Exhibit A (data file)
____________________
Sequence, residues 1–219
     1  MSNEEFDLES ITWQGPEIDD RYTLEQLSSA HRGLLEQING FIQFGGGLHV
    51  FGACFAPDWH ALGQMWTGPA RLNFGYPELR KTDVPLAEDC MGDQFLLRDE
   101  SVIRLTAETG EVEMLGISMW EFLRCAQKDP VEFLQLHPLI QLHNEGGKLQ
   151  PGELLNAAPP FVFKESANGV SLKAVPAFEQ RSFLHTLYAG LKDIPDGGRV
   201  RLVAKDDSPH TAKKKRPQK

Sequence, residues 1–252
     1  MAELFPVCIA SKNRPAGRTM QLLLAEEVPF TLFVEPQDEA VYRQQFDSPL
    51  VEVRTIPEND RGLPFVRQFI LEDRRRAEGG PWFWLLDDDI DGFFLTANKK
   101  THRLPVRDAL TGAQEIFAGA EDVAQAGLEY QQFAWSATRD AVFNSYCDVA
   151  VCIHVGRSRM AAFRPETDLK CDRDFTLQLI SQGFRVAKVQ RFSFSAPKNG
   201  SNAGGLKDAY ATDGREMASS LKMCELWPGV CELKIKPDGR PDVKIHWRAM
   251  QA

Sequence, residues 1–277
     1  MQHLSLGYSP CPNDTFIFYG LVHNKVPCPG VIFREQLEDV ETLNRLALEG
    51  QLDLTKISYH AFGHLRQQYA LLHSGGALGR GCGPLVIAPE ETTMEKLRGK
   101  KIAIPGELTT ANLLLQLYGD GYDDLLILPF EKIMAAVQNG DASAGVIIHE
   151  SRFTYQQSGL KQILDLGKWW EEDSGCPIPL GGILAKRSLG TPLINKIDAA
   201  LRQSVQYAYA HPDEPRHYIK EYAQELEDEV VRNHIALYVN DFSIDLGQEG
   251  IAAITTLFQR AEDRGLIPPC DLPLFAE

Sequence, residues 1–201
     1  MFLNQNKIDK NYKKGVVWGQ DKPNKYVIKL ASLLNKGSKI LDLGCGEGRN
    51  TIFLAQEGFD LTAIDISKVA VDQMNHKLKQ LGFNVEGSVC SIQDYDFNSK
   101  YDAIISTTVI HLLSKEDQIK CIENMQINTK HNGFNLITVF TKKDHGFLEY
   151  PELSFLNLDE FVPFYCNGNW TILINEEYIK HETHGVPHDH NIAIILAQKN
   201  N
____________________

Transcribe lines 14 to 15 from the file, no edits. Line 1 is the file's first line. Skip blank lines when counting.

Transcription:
Sequence, residues 1–277
     1  MQHLSLGYSP CPNDTFIFYG LVHNKVPCPG VIFREQLEDV ETLNRLALEG